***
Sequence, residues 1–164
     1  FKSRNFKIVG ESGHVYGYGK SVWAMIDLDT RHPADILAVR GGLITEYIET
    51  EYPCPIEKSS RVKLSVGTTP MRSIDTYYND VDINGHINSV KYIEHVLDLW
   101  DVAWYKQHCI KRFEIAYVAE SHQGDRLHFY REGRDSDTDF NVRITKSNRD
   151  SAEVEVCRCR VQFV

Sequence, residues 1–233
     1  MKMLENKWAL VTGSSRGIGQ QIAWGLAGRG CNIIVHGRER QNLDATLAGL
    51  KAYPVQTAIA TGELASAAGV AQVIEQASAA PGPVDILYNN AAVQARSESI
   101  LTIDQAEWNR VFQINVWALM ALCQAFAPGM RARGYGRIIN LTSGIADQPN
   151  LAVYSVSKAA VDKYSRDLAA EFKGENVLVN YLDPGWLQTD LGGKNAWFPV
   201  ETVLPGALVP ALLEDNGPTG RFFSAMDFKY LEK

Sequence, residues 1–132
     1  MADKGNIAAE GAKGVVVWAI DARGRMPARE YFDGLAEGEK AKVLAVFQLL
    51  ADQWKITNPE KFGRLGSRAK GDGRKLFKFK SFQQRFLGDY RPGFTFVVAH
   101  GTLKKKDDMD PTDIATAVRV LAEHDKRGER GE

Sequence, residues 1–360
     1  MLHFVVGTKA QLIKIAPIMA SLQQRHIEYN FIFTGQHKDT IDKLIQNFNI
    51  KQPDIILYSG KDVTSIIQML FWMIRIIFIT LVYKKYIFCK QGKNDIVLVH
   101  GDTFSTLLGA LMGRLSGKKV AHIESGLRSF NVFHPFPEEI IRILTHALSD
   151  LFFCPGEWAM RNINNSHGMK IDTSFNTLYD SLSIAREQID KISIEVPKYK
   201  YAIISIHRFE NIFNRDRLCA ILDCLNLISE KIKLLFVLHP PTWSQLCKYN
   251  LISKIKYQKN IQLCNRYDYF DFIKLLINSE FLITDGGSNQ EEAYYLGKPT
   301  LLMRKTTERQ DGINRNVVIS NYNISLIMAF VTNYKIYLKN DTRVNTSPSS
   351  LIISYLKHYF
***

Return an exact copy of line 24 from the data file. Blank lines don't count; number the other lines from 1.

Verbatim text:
   351  LIISYLKHYF